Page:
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Brexit & Dispute Resolution

“Hague Convention”) for disputes involving parties domiciled in EU Member States, Mexico, Singapore and Montenegro; the common law for all other disputes.

There is uncertainty as to the extent to which non EU/EFTA judgments will be recognised and enforced across the EU, and they may require separate applications, subject to differing domestic rules in each EU Member State. Enforcement proceedings are regularly subject to jurisdictional challenge and the judgments tend to have to be final and conclusive, as well as merit based. All of this contributes to rendering the enforcement process less certain, less effective, more timeconsuming, more cumbersome and more expensive. For judgments covered by the Brussels Regime and the Lugano Convention (for EU and EFTA Member States), what constitutes a judgment under those instruments is broadly defined and includes orders or judgments in the nature of injunctions and costs determinations as well as interim orders (but excludes insolvency related judgments). Proceedings for cross border recognition and enforcement are straightforward and predictable, with little or no potential for delay. If the Withdrawal Agreement applies to Brexit, it provides (at Article 67(2)) that the Brussels Recast Regulation shall continue to apply to the recognition and enforcement of judgments sought before the end of the transition period (which, by virtue of Article 126, will expire on December 31, 2020) and given in legal proceedings instituted on or after January 10, 2015. Accordingly, the Withdrawal Agreement maintains the status quo until the end of December 2020, during which time it would be for the UK and the EU to reach a long-term arrangement with regard to recognition and enforcement. Once the UK leaves the EU, the Brussels Regime and the Lugano Convention will no longer apply to the UK. Although the UK Government has indicated a desire to reach agreement with the EU27 on continued civil justice co-operation post-Brexit, it remains to be seen what, if anything, will be negotiated. The UK has indicated that it will apply to re-join the Lugano Convention in its own right at a later date. Pursuant to the draft Civil Jurisdiction and Judgments (Amendment) (EU Exit) Regulations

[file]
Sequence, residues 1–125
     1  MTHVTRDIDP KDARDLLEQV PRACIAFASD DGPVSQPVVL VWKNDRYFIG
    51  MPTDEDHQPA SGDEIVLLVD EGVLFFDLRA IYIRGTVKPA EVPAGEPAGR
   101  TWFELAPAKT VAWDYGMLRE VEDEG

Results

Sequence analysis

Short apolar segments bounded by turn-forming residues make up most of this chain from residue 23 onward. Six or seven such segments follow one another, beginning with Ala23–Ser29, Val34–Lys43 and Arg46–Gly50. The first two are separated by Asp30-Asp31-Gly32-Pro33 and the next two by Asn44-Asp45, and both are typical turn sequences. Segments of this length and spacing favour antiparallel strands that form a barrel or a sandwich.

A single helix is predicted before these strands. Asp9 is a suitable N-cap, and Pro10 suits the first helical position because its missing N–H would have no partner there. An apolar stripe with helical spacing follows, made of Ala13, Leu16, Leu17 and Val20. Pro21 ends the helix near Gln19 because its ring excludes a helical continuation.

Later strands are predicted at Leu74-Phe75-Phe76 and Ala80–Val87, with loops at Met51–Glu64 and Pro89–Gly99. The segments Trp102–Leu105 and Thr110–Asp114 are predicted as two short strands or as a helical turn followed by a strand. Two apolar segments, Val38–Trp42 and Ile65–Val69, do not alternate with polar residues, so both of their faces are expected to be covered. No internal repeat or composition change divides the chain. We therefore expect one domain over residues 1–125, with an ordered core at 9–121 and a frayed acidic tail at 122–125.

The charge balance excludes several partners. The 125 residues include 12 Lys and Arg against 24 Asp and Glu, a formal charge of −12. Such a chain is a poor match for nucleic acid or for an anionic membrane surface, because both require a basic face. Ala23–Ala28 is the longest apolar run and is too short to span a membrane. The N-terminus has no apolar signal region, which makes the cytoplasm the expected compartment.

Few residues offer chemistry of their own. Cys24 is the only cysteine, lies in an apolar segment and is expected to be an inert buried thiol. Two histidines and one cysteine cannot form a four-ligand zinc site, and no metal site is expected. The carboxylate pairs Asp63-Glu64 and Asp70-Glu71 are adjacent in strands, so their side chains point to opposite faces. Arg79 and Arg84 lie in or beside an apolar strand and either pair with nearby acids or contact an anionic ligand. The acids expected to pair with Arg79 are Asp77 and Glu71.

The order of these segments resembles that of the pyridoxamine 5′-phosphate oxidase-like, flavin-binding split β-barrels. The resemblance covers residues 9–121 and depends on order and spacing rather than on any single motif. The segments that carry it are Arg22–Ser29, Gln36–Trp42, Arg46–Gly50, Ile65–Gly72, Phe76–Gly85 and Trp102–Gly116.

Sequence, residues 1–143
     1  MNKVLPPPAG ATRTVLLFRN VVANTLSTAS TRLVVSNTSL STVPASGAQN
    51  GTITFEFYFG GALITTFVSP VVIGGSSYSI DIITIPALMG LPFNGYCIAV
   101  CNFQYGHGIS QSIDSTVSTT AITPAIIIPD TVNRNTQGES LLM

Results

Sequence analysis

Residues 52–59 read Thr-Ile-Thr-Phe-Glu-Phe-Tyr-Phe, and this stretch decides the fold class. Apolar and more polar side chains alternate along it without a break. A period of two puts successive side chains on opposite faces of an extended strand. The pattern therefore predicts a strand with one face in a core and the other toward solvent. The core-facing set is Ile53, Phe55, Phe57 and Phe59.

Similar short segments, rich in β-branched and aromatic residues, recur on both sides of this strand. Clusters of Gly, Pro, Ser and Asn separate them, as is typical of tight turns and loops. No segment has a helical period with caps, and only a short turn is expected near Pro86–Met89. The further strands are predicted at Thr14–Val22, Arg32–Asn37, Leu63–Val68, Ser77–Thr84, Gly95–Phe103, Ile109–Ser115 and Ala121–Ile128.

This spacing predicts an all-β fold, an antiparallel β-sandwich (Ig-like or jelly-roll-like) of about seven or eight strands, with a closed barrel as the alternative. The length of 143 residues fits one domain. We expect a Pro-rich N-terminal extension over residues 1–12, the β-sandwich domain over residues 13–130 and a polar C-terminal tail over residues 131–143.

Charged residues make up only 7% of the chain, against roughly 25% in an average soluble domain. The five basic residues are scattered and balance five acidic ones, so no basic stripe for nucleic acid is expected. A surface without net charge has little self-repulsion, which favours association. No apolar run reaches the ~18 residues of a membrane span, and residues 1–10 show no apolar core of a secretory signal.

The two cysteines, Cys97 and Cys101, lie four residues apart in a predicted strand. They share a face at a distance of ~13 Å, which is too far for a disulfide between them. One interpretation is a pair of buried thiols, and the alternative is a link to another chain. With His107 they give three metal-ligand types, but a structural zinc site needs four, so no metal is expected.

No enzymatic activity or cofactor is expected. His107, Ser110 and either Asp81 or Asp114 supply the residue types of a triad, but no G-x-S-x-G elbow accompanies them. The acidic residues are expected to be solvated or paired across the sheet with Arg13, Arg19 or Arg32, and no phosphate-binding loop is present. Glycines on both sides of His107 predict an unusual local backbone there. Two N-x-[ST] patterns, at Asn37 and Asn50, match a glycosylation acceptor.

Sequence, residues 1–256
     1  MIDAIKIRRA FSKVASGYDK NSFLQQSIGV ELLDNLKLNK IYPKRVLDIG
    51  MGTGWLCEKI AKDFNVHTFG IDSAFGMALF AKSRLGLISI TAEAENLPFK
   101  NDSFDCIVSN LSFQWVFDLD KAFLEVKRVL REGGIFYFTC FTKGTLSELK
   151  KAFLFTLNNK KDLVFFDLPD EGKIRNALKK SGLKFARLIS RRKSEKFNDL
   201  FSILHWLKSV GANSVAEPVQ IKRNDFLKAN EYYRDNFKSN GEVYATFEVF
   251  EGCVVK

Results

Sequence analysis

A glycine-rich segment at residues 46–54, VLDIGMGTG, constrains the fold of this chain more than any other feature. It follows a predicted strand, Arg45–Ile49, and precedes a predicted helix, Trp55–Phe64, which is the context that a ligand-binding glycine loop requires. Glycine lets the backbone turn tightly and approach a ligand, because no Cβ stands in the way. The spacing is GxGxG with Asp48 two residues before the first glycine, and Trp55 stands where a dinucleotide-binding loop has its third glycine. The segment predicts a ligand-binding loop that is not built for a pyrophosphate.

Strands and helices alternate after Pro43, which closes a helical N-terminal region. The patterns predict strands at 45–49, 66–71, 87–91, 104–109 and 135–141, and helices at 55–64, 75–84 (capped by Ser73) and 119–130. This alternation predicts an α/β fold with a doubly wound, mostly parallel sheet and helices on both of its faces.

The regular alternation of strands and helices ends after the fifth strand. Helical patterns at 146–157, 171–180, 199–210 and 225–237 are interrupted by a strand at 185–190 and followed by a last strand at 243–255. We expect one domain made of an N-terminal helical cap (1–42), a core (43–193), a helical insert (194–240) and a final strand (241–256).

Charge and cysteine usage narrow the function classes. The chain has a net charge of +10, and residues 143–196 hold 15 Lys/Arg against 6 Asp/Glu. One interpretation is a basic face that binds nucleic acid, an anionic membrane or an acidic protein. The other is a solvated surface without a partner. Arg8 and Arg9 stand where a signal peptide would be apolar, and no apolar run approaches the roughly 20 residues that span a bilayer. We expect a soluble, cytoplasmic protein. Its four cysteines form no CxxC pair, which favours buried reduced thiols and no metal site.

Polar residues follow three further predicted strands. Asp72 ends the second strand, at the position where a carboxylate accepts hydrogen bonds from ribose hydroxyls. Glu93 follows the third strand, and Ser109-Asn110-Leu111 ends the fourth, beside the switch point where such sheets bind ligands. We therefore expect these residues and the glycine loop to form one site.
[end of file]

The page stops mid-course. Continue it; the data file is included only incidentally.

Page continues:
2019, published by the UK Government in December (the “Exit Regulations”), UK courts will apply current rules in relation to enforcement of judgments where the EU Member State court’s judgment was given in proceedings commenced pre-Brexit. By way of contrast, in the EU’s Notice to Stakeholders, published on January 18, 2019, it is stated that EU Member State courts will not apply the current enforcement rules to UK court judgments unless the exequatur procedure has been completed before exit day, even if the judgment was handed down before exit day or the enforcement proceedings were commenced before exit day. The Brussels Convention of 1968 There is an argument that the Brussels Convention of 1968 (a treaty signed by the then six members of the European Communities and since expanded) could still be used to enforce certain

EU Member State judgments in the UK (or UK judgments in certain other EU Member States), as that instrument has not been abrogated. However, quite apart from the fact that it only has potential relevance to contracting states, both the Brussels Recast Regulation and its predecessor, the Brussels Regulation, purport to “supersede” the Brussels Convention. A party seeking to rely on the Brussels Convention would face a difficult and uncertain argument in the jurisdiction where enforcement may be sought that the Brussels Convention remains a vehicle for enforcement. The ultimate determination of such argument may fall to the European Court of Justice, which is a scenario the UK would presumably seek to avoid, given it is contrary to the principle of Brexit. Accordingly, the more prudent view is that the Brussels Convention cannot be relied upon as a route to enforcement

Profile for Retail News

Retail News April 2019  

Retail News, is Ireland’s longest established FMCG B2B magazine. It has been around for over 60 years, from the birth of the supermarket, th...

Retail News April 2019  

Retail News, is Ireland’s longest established FMCG B2B magazine. It has been around for over 60 years, from the birth of the supermarket, th...

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